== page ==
Cliff Taylor: Latest tax figures point to limited budget wriggle room
Income tax is still behind and it is a mystery given the strong employment growth
For the year to date income tax remains just over €200m behind target. Photograph: iStock
The tax figures did not get any worse in May, which will prove something of a relief to those taking office when a new government is formed. If the poor trend in the early months of the year had continued, it would have presented the new Ministers with some difficult choices.
Now there are some signs of improvement, although it is still too early to sound the all-clear. And there is certainly nothing yet to suggest that the customary overshooting of tax targets we have got used to is set to be repeated this year. It all suggests that the room for spending increases and tax cuts in the budget will be limited.
The tax figures for May came in 1.5 per cent ahead of target, which is encouraging given that it is the second most important month of the year for tax collection, with significant corporate returns and VAT due. The strong returns meant that the overall shortfall for the year, compared to target, is now just 1.4 per cent, or €268 million in cash terms. If the trends seen in May continue, then the targets for the year could be met.
The strong performance last month was based on income tax coming in roughly on target, while corporation tax and a number of smaller taxes such as excise duties, local property tax and stamp duty all came in a bit ahead. VAT returns were on target and this area has been the star performer of the year, rising 13 per cent on 2016 and running almost 4 per cent ahead of expectations.
Surprise weak spot
While rising VAT reflects increased consumer spending, the surprise weak spot of 2017 has been income tax, which is something of a mystery given strong employment growth.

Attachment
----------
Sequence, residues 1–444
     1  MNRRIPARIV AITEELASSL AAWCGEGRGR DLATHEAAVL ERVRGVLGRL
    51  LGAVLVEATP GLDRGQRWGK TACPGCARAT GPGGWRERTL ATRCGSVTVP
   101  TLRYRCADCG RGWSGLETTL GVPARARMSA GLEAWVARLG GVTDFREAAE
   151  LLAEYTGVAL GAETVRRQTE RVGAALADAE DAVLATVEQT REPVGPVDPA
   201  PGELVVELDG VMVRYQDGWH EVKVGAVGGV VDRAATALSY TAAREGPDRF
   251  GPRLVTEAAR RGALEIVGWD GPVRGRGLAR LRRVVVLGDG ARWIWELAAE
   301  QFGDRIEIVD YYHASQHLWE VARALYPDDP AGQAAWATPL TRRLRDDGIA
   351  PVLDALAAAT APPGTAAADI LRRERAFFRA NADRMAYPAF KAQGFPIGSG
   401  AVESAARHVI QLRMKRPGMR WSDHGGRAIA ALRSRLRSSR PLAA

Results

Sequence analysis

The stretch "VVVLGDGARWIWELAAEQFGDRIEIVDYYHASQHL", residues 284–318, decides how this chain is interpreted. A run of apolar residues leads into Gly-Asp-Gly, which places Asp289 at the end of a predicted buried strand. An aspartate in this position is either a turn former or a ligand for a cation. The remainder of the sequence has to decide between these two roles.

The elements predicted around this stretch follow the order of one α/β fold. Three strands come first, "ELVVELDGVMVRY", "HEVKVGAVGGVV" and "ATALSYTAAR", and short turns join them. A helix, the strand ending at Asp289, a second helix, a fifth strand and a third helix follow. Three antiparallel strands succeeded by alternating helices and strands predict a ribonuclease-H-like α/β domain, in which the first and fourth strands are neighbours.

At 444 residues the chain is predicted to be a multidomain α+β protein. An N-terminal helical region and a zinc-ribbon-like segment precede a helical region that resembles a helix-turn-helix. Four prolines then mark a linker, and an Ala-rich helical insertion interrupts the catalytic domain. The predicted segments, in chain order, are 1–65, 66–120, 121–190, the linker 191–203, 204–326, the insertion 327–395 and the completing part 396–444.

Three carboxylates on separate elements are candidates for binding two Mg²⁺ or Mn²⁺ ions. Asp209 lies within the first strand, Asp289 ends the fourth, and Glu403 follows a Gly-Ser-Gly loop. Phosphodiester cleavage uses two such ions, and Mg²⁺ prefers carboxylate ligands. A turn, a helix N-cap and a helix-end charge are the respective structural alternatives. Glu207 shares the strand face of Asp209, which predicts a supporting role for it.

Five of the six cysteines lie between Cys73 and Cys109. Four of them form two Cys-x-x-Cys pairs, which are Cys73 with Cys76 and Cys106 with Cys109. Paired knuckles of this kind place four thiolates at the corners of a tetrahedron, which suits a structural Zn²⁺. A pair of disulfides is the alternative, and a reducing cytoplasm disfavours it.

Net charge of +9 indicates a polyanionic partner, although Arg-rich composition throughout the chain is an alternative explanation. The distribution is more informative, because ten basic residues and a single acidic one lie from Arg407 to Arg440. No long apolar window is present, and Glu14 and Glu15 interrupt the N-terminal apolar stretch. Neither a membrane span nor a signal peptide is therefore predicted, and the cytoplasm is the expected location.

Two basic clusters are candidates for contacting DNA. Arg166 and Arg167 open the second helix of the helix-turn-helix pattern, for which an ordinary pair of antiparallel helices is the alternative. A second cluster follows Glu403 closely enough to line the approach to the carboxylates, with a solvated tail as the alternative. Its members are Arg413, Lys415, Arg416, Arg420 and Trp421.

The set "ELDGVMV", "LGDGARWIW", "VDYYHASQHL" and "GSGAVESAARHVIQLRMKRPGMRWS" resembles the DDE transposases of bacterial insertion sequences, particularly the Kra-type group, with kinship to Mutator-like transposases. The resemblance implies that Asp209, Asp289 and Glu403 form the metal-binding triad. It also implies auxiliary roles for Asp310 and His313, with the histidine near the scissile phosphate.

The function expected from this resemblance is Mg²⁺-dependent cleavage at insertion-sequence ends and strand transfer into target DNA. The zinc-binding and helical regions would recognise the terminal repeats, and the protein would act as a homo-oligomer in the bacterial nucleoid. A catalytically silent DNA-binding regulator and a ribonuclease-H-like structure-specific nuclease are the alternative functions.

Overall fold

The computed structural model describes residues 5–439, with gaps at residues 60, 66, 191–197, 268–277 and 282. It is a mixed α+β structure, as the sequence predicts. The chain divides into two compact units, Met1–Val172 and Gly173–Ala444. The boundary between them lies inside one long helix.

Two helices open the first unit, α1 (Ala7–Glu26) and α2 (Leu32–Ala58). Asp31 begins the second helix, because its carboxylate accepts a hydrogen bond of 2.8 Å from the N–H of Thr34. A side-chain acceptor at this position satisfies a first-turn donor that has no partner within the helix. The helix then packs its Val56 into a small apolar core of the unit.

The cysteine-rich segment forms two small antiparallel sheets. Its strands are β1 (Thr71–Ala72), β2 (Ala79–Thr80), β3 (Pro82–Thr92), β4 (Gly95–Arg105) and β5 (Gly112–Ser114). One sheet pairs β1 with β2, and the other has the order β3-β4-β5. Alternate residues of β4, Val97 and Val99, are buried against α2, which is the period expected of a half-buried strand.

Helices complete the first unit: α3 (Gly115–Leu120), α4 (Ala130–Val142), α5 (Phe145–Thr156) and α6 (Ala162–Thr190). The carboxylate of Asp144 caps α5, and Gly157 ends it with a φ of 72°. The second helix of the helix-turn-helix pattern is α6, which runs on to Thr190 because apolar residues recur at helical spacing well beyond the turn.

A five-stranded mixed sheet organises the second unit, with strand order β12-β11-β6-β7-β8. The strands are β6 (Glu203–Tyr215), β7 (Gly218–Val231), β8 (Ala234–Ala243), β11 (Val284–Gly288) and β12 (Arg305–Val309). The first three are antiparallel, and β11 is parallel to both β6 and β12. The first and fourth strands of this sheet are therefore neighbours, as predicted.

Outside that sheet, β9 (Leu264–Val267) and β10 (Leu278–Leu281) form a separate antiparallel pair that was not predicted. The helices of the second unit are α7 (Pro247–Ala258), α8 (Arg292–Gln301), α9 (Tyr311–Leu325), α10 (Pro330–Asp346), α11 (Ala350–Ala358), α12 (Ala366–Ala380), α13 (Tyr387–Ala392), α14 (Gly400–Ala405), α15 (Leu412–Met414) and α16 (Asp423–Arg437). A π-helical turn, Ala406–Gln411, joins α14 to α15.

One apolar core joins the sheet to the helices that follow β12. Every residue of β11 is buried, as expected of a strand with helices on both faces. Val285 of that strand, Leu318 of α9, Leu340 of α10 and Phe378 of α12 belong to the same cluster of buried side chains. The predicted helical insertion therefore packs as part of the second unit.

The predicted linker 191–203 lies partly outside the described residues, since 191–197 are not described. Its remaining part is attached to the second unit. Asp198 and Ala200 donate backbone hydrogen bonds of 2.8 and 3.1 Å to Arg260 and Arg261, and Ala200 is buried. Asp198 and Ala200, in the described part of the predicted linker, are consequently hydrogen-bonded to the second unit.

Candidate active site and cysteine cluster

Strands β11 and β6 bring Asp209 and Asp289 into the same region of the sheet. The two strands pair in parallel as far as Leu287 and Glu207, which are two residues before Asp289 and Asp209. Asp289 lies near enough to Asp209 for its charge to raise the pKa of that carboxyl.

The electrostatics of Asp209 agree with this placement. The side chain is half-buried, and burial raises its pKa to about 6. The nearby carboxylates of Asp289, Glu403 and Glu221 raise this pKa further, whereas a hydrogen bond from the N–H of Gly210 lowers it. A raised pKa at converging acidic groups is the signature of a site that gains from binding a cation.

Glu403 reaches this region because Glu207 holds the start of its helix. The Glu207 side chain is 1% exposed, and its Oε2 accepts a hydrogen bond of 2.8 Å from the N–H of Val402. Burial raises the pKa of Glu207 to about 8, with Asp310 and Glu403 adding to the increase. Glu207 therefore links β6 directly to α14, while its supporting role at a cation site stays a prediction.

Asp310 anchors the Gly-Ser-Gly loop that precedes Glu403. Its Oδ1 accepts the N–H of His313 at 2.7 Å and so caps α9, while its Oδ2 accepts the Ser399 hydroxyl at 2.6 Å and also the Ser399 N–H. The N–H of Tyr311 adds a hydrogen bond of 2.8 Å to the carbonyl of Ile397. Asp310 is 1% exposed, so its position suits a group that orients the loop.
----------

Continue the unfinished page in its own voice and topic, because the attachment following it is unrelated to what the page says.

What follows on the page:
For the year to date it remains 2.6 per cent, or just over €200 million, behind target. If the tax trends are going to really come right for the Government then we will need to see income tax back running ahead of target for the rest of the year and particularly when the autumn self-employed tax returns come in.
There won’t be a huge amount of spare money to spend in the budget. The Department of Finance has said that when existing spending pledges are met, it could be as low as €500 million. However, the first formal forecast of the pre-budget sums will come in the summer statement, which will also outline where the Government sees as its priorities for the package.
With the public pay talks also now in the mix, the new Taoiseach faces the tricky job of meeting significant expectations with relatively little fresh cash. Budget 2018 will, no doubt, attract the usual hoopla, but unless the Government is willing to cut spending or raise new taxes elsewhere to provide cash for new measures, it could be a relatively tame affair.
The big economic jobs for the new Taoiseach will be leading a response to Brexit and trying to find a way to progress some of the key economic problems, including the infrastructure deficit. Given the limited additional cash to spend, this is going to involve tough calls on what the priorities are – and how to pay for them.